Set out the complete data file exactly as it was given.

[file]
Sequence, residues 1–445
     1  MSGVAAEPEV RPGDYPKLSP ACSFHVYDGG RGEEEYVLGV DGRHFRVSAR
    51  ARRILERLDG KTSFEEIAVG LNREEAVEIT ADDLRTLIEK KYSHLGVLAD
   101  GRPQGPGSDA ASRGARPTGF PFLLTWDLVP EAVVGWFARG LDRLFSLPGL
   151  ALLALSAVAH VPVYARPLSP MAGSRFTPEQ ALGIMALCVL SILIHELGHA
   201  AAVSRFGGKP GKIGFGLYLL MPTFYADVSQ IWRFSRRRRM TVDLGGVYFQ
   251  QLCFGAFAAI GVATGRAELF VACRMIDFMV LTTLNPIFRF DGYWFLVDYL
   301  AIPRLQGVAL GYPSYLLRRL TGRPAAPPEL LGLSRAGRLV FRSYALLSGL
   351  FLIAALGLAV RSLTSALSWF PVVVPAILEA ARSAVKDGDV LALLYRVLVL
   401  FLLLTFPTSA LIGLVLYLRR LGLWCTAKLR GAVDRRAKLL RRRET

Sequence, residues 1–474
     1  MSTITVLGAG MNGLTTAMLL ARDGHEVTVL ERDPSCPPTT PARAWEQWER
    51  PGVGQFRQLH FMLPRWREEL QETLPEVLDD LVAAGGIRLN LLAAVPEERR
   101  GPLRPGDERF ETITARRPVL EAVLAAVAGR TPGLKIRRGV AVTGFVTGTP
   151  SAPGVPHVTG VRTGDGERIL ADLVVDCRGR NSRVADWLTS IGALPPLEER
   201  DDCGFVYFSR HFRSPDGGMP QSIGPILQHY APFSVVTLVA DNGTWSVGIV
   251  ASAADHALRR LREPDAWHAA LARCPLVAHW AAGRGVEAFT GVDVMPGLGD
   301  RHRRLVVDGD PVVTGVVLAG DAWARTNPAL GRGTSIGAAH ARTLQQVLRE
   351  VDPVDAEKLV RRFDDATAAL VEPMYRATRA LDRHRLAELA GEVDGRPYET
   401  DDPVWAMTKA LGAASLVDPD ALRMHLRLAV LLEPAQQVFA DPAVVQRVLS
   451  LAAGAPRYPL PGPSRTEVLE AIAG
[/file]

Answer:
Sequence, residues 1–445
     1  MSGVAAEPEV RPGDYPKLSP ACSFHVYDGG RGEEEYVLGV DGRHFRVSAR
    51  ARRILERLDG KTSFEEIAVG LNREEAVEIT ADDLRTLIEK KYSHLGVLAD
   101  GRPQGPGSDA ASRGARPTGF PFLLTWDLVP EAVVGWFARG LDRLFSLPGL
   151  ALLALSAVAH VPVYARPLSP MAGSRFTPEQ ALGIMALCVL SILIHELGHA
   201  AAVSRFGGKP GKIGFGLYLL MPTFYADVSQ IWRFSRRRRM TVDLGGVYFQ
   251  QLCFGAFAAI GVATGRAELF VACRMIDFMV LTTLNPIFRF DGYWFLVDYL
   301  AIPRLQGVAL GYPSYLLRRL TGRPAAPPEL LGLSRAGRLV FRSYALLSGL
   351  FLIAALGLAV RSLTSALSWF PVVVPAILEA ARSAVKDGDV LALLYRVLVL
   401  FLLLTFPTSA LIGLVLYLRR LGLWCTAKLR GAVDRRAKLL RRRET

Sequence, residues 1–474
     1  MSTITVLGAG MNGLTTAMLL ARDGHEVTVL ERDPSCPPTT PARAWEQWER
    51  PGVGQFRQLH FMLPRWREEL QETLPEVLDD LVAAGGIRLN LLAAVPEERR
   101  GPLRPGDERF ETITARRPVL EAVLAAVAGR TPGLKIRRGV AVTGFVTGTP
   151  SAPGVPHVTG VRTGDGERIL ADLVVDCRGR NSRVADWLTS IGALPPLEER
   201  DDCGFVYFSR HFRSPDGGMP QSIGPILQHY APFSVVTLVA DNGTWSVGIV
   251  ASAADHALRR LREPDAWHAA LARCPLVAHW AAGRGVEAFT GVDVMPGLGD
   301  RHRRLVVDGD PVVTGVVLAG DAWARTNPAL GRGTSIGAAH ARTLQQVLRE
   351  VDPVDAEKLV RRFDDATAAL VEPMYRATRA LDRHRLAELA GEVDGRPYET
   401  DDPVWAMTKA LGAASLVDPD ALRMHLRLAV LLEPAQQVFA DPAVVQRVLS
   451  LAAGAPRYPL PGPSRTEVLE AIAG